Taking that into account, three of the six subjects seemed to me to display a similar positive effect to mine. Two I’d call inconclusive, and one showed a clear negative effect. (Here is the data for these other subjects.)
What I Learned
I found these results encouraging. Like Seth, I take this kind of basic math exercise to be a good proxy for general brain function. Anything that makes me better at it is likely to also improve my performance on other mental tasks. As I mentioned above, I’ve been using this particular app for years, and my times plateaued long ago, so finding a new factor that produces a noticeable difference is impressive. An obvious concern is that I was trying harder on the days that I meditated. Since it’s impossible to “blind” subjects as to whether they’ve meditated or not, I can’t think of a perfect way to correct for this. If meditation does make me faster at math, what are the mechanisms? For example, does it improve my speed at processing arithmetic problems, or my speed of recall at the ones that I knew from memory (e.g. times tables), or my decisiveness once I think I have an answer? It felt like the biggest factor was better focus. I wasn’t solving the problems faster so much as cutting down on the fractional seconds of distraction between them.
It would have helped to have a longer first control period, as Seth and others advised me before I began. I was scheduled to present my results at this conference and at the time it was only a month away, so I decided to make the best of the time I had. Next time I’ll have a three- or four-week baseline period, especially if I’m including subjects who haven’t meditated before. The single biggest improvement would be to recruit non-meditators to follow the same protocol. Most of the other volunteers, like me, were interested because they were already positively disposed towards meditation as a daily habit. I don’t think they liked the idea of baseline periods when they couldn’t meditate, and this probably contributed to the dropout rate. (If I’d tried to put any of them in a baseline group that never meditated at all and just did math, I doubt any of that group would have finished.) It might be easier to recruit people who already use this app (or other math games) and get them to meditate than vice versa. That would also reduce the practice effect problem, and the effects of meditation might be stronger in people who are doing it for the first time. More difficult math problems might be a more sensitive measure, since I wouldn’t be answering them from memory. Nothing super-complex, just two- or three-digit numbers (253 + 178).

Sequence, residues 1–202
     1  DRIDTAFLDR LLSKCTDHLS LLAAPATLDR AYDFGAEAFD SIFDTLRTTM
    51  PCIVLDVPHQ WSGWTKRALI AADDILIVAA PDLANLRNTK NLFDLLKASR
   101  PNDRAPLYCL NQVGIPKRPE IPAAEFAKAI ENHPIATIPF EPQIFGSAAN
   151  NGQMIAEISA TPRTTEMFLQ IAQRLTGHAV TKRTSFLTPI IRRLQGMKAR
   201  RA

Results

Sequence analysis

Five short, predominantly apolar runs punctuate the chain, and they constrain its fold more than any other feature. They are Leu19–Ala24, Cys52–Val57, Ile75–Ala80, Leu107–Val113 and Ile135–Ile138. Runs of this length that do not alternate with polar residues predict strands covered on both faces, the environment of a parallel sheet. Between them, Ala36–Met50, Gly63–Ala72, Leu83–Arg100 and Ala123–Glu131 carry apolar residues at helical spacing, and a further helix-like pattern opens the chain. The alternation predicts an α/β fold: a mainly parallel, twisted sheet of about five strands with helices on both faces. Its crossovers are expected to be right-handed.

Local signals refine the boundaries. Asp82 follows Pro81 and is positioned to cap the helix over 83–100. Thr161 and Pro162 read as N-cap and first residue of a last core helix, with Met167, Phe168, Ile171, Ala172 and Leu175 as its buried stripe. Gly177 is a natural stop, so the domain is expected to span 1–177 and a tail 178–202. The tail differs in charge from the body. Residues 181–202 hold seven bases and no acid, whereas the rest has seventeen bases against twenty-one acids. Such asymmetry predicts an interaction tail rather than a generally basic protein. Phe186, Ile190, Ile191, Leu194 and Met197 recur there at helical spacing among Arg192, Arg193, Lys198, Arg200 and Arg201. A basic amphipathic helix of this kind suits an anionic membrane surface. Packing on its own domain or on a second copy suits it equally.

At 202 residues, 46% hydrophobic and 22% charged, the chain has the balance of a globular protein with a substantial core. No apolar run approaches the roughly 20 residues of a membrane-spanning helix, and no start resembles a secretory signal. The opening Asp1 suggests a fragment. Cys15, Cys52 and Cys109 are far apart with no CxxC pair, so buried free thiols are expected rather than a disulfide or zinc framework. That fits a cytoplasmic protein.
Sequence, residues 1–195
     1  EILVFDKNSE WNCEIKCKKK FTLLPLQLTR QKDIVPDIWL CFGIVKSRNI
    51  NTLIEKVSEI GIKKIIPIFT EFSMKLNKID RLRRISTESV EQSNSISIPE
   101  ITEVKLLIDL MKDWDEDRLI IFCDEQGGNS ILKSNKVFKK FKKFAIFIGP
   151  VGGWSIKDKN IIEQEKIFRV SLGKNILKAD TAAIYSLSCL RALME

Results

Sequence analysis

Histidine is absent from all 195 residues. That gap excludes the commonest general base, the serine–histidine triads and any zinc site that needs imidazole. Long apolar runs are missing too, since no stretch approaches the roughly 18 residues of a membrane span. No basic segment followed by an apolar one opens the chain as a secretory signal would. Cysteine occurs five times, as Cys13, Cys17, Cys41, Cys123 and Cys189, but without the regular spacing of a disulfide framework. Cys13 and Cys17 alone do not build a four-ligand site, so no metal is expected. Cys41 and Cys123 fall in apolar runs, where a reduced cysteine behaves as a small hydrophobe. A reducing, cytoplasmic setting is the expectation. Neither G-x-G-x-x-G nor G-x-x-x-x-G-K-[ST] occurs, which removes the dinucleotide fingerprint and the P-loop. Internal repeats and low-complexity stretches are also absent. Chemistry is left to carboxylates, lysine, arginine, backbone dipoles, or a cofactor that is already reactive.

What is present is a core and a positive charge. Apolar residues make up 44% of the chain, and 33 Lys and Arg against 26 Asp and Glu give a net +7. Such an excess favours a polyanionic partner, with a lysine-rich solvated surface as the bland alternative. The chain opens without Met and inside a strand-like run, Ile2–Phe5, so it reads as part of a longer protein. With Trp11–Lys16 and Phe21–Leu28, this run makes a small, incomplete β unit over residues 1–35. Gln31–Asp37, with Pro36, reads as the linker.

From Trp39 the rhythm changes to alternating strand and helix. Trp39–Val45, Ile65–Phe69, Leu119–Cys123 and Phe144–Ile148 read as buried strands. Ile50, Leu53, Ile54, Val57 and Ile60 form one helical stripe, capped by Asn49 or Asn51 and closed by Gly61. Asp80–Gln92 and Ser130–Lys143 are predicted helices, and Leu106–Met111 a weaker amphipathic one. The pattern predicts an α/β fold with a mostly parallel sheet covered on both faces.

I’m planning to repeat this experiment myself at some point, and I’m also interested in aggregating data from others who do something similar, either in sync with me as above, or on your own timeline and protocol. I’d also appreciate suggestions for how to improve the experimental design.
Comment by Seth
The easiest way to improve this experiment would be to have longer phases. Usually you should run a phase until your measure stops changing and you have collected plenty of data during a steady state. (What “plenty of data” is depends on the strength of the treatment you are studying. Plenty of data might be 5 points or 20 points.) If it isn’t clear how long it will take to reach steady state, deciding in advance the length of a phase is not a good idea.
Another way to improve this experiment would be to do statistical tests that generate p values; this would give a better indication of the strength of the evidence. Because this experiment didn’t reach steady states, the best tests are complicated (e.g., comparison of slopes of fitted lines). With steady-state data, these tests are simple (e.g., comparison of means).
If you are sophisticated at statistics, you could look for a time-of-day effect (are tests later in the day faster?), a day-of-week effect, and so on. If these effects exist, their removal would make the experiment more sensitive. In my brain-function experiments, I use a small number of problems so that I can adjust for problem difficulty. That isn’t possible here.
These comments should not get in the way of noticing that the experiment answered the question Peter wanted to answer. I would follow up these results by studying similar treatments: listening to music for 10 minutes, sitting quietly for 10 minutes, and so on. To learn more about why meditation has an effect. The better you understand that, the better you can use it (make the effect larger, more convenient, and so on).